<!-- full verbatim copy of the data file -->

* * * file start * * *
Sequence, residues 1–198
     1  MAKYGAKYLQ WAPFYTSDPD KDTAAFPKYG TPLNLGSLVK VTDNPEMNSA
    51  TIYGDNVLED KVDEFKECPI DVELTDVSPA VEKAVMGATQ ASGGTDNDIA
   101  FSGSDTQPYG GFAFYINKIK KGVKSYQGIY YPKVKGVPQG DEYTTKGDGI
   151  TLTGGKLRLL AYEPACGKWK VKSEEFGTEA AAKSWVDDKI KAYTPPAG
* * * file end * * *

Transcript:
Sequence, residues 1–198
     1  MAKYGAKYLQ WAPFYTSDPD KDTAAFPKYG TPLNLGSLVK VTDNPEMNSA
    51  TIYGDNVLED KVDEFKECPI DVELTDVSPA VEKAVMGATQ ASGGTDNDIA
   101  FSGSDTQPYG GFAFYINKIK KGVKSYQGIY YPKVKGVPQG DEYTTKGDGI
   151  TLTGGKLRLL AYEPACGKWK VKSEEFGTEA AAKSWVDDKI KAYTPPAG